32. Let the Right One In (2008)
I guess I get to be contrarian here because I don't think Let the Right One In is very good. But let me qualify that: The acting is good. The cinematography is good. The screenplay is good. But somehow when you put it all together, the film that results is phenomenally dull. As anyone who knows me well can attest, I much prefer watching films that are interestingly awful than competently boring. Boring is the worst thing for any work of art to be (unless its point is to explore the nature of boringness, of course)—which is why Killer Klowns from Outer Space would receive a higher rating from me than The English Patient.
During my previous run of vampire films in the Halloween Film Fest, I entertained the hypothesis that maybe I just don't think vampires are very compelling or interesting. Let the Right One In provided some more empirical evidence pointing in that direction. The film is the story of a vampire girl named Eli—although in the novel she's apparently a castrated vampire boy—who moves into an apartment next door to this homely kid with a really bad haircut named Oskar who's getting bullied at school. (Get a new haircut. That's probably why they're bullying you, Oskar. You look like an elf from Tolkien.) Quicker than you can say 'meet-cute,' these two become fast friends. At first Eli hides her vampiric tendencies from Oskar, while her 'guardian' Håkan goes out and murders people to satisfy her bloodlust, but later Oskar—no dummy, he—puts two and two together based on some of Eli's hints. For instance, Eli tells Oskar she can fly and that she'll die in the sunlight—which are less hints, I suppose, than blinking neon signs reading, 'I AM A VAMPIRE, DUMBASS.'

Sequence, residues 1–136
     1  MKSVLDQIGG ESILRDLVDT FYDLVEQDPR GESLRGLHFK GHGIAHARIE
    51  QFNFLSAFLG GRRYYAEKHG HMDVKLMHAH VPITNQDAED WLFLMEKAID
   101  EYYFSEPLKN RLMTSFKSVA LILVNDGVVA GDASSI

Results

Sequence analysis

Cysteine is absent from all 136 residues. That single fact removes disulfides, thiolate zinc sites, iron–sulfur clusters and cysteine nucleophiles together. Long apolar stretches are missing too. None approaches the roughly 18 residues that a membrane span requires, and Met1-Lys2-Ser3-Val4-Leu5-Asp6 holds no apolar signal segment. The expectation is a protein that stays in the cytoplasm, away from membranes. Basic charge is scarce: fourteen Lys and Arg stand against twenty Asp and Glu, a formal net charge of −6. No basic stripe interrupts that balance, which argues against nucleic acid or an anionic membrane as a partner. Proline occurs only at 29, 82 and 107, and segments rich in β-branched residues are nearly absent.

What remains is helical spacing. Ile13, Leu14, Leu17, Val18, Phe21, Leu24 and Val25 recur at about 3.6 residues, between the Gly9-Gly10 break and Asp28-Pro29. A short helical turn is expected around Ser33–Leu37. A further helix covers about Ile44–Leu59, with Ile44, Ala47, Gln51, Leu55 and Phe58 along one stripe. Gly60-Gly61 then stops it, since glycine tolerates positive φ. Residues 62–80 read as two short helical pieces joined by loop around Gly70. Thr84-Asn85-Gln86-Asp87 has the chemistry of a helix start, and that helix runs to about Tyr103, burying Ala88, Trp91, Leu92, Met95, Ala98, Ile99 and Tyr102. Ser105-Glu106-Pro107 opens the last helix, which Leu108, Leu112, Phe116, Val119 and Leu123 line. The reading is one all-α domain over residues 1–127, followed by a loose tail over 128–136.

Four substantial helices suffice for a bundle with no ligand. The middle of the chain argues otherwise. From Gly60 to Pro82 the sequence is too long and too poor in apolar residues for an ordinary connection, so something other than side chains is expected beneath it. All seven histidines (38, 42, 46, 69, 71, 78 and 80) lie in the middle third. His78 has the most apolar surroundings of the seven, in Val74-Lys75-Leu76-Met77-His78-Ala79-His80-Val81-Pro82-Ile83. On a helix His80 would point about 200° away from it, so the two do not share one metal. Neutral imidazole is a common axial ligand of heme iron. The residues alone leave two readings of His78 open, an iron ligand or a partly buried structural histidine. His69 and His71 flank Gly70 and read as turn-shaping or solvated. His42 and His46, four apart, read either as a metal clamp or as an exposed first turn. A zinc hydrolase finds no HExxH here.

I know what this film was trying to do. It was trying to be a heartfelt love story about two lonely outsiders who manage to find and comfort each other in a world full of pain. And that's a really nice sentiment. I can get behind it 100%. (In theory.) But Let the Right One In didn't work for me as a love story or a horror film. Since I am somewhat of a lonely outsider myself, you'd think I'd be able to relate to the premise—that I'd have a special inclination to empathize with its characters—but I remained emotionally estranged from the film the whole time I watched it. I kept looking at my watch, in fact—not exactly a sign of rapt involvement. I think I'm just tired of people trying to get all revisionist and mine the tragic potential of vampire stories while sticking with many of the silly conventions of their backstories. Okay, so you drink blood, can't come in uninvited, and spontaneously combust in sunlight... What else you got?